Andrew Booth Jr. processed image – practice jersey

With the Jets and giants with both having two Top 10 picks in the 2022 NFL Draft, let’s take a look at a prospect who could be chosen by either team: cornerback Clemson Andrew Booth Jr.

In numbers

Height: 6 feet 0
Weight: 194 pounds
40 times: Did not race at Combine due to quad injury
Vertical: Did not jump at Combine due to quad injury
Statistics (career): 50 total tackles, 5.5 tackles for loss, one sack, five interceptions, 14 bass breakups
Honors and awards: 2021 First-Team All-ACC, 2020 Second-Team All-ACC, five-star recruit and No. 8 prospect overall nationwide out of high school

Prospect overview

The network project: He offers an exciting blend of size, athleticism, instinct, physicality, ball skills and competitive toughness that give him the makeup of a next-level impact starter…. Regarding areas of growth, Booth Jr. can clean up a few missed tackles and improve area coverage…. In the first year, Booth Jr. has the ability to compete for a starting role and has the makings of a high-level impact starter by year two or three.

Professional football network: Booth has exceptional length, which is much more critical right now and on the next level… Booth has excellent ball skills and tracking with strong hands. Because of this, the Clemson CB showed they could go up and win the ball back to their highest point. Additionally, it gives him an advantage in contested capture situations.

Why Booth makes sense for jets

The Jets have a talented defensive front, anchored up front by Quinnen Williams and John Franklin Myers with CJ Mosley in the middle of the linebacking unit.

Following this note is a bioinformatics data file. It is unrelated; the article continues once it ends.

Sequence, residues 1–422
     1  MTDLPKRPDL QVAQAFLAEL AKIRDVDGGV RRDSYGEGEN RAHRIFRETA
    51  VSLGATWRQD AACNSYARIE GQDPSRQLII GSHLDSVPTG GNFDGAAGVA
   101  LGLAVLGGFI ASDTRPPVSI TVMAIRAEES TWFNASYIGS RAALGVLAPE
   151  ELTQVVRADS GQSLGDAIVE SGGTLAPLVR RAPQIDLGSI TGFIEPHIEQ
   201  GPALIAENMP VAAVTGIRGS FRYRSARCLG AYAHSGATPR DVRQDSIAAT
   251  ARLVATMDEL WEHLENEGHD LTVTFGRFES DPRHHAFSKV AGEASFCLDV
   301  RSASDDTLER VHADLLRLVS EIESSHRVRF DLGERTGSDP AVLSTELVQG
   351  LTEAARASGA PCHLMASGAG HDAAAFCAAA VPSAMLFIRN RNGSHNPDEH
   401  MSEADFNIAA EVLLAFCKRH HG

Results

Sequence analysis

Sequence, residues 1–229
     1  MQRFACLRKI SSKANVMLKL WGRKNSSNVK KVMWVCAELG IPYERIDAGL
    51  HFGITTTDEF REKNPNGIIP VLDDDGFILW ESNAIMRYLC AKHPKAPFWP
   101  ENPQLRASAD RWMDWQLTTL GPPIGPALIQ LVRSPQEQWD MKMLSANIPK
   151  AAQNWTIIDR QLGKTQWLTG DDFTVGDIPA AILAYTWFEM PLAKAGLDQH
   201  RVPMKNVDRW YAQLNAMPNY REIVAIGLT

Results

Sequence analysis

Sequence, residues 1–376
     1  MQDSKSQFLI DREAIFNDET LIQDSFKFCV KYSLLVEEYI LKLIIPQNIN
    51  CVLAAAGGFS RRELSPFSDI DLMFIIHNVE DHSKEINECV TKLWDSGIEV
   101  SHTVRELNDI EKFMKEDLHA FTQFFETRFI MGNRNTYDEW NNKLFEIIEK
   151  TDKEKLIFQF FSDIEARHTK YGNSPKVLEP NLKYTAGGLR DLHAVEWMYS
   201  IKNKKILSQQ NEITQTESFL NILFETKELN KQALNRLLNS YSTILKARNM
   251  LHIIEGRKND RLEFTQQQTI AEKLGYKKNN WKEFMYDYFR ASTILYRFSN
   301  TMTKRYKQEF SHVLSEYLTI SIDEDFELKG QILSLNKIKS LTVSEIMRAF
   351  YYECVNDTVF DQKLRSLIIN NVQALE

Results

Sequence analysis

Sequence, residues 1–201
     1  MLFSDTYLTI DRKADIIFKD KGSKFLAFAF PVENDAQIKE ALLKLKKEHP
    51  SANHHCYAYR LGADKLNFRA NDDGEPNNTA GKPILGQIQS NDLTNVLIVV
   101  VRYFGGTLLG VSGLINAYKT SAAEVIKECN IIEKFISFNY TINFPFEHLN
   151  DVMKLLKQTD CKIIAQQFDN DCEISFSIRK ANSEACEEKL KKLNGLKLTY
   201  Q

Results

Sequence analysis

But high school… well, that’s another story.

The Jets’ current cornerback room is made up of names like Brandin Echols, Bryce Hall, Michael Carter II, and Javelin Guidrynone of which seem destined to become household names in the NFL.

Simply put, the Jets need as much help as they can get. The Jets allowed 259.4 passing yards per game in 2021 and they passed just seven passes as a team, with both numbers ranking 30and on 32 NFL teams.

Booth is a natural athlete, and while he didn’t get a chance to show it at the NFL Combine due to a quad injury, his size and raw physical talent should translate to the NFL level.

The Clemson product will likely still be on the board until the first round, well past the Jets’ two picks at No. 4 and No. 10, so if Joe Douglas wants to add picks while adding a much-needed young corner, stepping back to get Booth back could be the answer.

Why Booth Makes Sense For Giants

While the Giants’ defense was by far the best of their three units last season, it was still in the middle of the pack compared to the rest of the NFL, ranking 21st in total defense (354.8 yards per game) and 15and in pass defense (225.8 yards per game).

The Giants have plenty of intriguing names at cornerback with the way the roster is currently constructed, but there are also some big question marks. The biggest of them is James Bradberry, who provided strong veteran high school leadership for Big Blue. Bradberry has seven interceptions over the past two seasons, but he also comes with a hefty price tag in the form of a near $22 million cap in 2022.

Due to his salary and the fact that Bradberry is in the final year of his contract, his name has circulated in NFL business circles, and if the Giants leave him, i love jackson would be the only proven outside corner on the list. Darnay Holmes and Aaron Robinson are probably best suited as slot defenders, which require an outside corner.

Booth has the size and closing speed to be a starting outside corner in the NFL. He does a good job keeping receivers in front of him, and perhaps even more importantly for an NFL corner, he’s not afraid to drop down and tackle a running back around the line of scrimmage. .

The other advantage of a player like Booth is that he probably won’t be in the top 10 draft picks, so the Giants could potentially trade in the first round, choose one or two other draft picks and end up selecting a potential departure. corner down the road.

NFL Comparison

NFL.com: Janoris “Jackrabbit” Jenkins